In Halpin v. Phenix Ins. Co. (118 N.Y. 165, 173) the court said: "While a dwelling-house will not be regarded as occupied unless it is the home or dwelling place of some person, yet temporary absence, leaving the property for a short period unoccupied, will not be regarded as a breach of the condition, while absence for a fixed, definite period, even with the intention to return and occupy the property, will violate the condition and render the policy void."Summary of this case from Kelly v. Utica Fire Insurance Co.
Argued October 17, 1889
Decided January 14, 1890
H.C.M. Ingraham for appellant. Nathaniel C. Moak, for respondent.
The appellant excepted to the finding that "the insured property, at the time of the fire, was in the occupation of the plaintiff," and asks this court to review that finding on the ground that it is without evidence tending to sustain it.
It is claimed by the respondent that that question is not reviewable here, for the reason that the case contains no statement that all the evidence given on the trial is contained within it and cites Porter v. Smith ( 107 N.Y. 531), in support of his contention.
In the case cited it was sought to have the General Term review a finding of fact made upon conflicting testimony, and this the General Term refused to do, in the absence of a statement in the case, that it contained all the evidence given on the trial and this court sustained that ruling.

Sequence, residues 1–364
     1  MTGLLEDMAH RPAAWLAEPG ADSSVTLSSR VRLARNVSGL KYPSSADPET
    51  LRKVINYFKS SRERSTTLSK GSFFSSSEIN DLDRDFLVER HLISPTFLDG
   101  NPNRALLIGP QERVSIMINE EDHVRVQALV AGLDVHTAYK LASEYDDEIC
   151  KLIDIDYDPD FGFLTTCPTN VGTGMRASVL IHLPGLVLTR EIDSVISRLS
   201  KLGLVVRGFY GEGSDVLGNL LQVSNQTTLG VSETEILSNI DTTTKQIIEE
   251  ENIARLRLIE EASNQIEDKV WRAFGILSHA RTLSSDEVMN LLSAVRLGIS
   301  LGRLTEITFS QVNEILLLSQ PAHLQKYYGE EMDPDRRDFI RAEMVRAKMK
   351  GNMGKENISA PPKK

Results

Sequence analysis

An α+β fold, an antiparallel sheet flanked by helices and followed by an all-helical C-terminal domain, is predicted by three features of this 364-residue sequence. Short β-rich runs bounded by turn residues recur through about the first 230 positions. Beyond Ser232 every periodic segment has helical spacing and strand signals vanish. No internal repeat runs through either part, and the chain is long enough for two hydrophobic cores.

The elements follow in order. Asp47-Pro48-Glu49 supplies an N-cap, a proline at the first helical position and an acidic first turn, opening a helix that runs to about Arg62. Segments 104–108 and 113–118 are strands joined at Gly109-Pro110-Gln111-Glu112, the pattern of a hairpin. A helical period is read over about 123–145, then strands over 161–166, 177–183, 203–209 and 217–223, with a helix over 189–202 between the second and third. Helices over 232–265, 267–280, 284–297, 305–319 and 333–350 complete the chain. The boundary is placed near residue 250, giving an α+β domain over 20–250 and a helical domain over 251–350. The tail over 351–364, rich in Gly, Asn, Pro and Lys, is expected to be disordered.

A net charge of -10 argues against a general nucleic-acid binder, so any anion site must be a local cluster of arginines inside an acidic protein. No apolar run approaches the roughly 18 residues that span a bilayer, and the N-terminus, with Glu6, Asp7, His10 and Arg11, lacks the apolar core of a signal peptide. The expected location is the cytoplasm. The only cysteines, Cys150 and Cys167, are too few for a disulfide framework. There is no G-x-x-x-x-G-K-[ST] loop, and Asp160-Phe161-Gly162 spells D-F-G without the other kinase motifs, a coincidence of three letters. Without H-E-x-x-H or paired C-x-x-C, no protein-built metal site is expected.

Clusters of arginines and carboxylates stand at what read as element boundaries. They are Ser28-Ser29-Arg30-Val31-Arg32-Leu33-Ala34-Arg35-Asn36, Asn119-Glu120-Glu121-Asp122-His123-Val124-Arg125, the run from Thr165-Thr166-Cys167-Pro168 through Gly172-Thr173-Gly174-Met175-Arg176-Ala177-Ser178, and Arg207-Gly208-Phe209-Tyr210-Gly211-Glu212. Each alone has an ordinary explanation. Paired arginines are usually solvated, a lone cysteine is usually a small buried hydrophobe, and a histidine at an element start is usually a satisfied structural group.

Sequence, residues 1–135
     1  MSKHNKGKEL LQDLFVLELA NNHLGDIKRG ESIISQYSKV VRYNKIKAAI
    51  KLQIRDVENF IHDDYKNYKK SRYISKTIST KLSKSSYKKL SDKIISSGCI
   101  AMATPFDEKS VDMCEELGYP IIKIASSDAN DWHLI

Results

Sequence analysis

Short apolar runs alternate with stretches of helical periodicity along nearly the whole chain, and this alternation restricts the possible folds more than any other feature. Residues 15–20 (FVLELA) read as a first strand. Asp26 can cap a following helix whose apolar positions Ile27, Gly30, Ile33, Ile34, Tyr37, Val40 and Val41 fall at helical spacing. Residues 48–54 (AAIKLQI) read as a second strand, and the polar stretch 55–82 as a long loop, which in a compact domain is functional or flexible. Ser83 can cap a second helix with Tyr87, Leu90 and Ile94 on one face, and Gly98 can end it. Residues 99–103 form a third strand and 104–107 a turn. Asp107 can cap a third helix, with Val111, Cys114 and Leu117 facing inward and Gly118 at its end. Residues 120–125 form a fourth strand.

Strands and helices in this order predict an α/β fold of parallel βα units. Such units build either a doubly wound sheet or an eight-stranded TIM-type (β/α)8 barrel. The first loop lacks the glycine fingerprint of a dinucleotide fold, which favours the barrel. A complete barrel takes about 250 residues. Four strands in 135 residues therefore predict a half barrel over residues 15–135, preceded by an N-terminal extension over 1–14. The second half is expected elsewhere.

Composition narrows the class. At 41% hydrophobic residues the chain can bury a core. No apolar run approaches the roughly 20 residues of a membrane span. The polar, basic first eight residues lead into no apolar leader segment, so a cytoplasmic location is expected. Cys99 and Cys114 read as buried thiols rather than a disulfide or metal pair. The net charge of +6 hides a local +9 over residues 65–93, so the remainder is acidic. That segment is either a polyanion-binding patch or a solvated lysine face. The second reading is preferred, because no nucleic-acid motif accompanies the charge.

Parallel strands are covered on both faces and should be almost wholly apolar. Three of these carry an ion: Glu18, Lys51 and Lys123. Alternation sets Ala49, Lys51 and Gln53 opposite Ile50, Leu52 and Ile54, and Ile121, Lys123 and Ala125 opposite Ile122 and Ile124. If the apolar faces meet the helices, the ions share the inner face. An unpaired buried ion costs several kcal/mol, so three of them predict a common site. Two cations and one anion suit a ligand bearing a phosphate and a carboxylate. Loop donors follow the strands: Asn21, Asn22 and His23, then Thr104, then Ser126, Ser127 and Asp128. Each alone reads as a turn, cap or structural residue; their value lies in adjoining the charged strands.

The case has no application to the question now presented, as a finding without evidence to sustain it, is a ruling upon a question of law (Code, § 993), while a finding upon conflicting testimony, is a ruling upon a question of fact. (§ 992.)
This court reviews rulings upon questions of fact on appeals from judgments entered upon reports of referees or on decision of a court without a jury, in the single instance of a reversal of the judgment by the General Term upon the facts. But a finding of fact without evidence to support it has always been regarded as a ruling upon a question of law, and if excepted to presented a legal question reviewable in this court. ( Mason v. Lord, 40 N.Y. 477; Cox v. James, 45 id. 557; Perkins v. Hill, 56 id. 87; Pollock v. Pollock, 71 id. 137; Sickles v. Flanagan, 79 id. 224.)
Under the old Code exceptions to findings of fact were essential to their review upon appeal, whether they presented rulings upon questions of fact or rulings upon questions of law, and it was not necessary to their proper presentation to the General Term that the case on appeal should show affirmatively that it contained all the evidence given upon the trial. ( Perkins v. Hill, 56 N.Y. 87.)
In the case cited it was held that when exceptions were taken to findings of fact and a case made for the purpose of reviewing them, that it would be assumed that all the evidence in support of the findings excepted to was inserted in the case. That if any evidence was omitted by the party making up the case, it was the duty of the respondent to cause to be inserted by amendment all evidence which he deemed material to sustain the findings excepted to.
The new Code made no change in the mode of reviewing rulings upon questions of law. Exceptions must now be taken or the appellate court will not review such ruling. (§ 992 to 997.)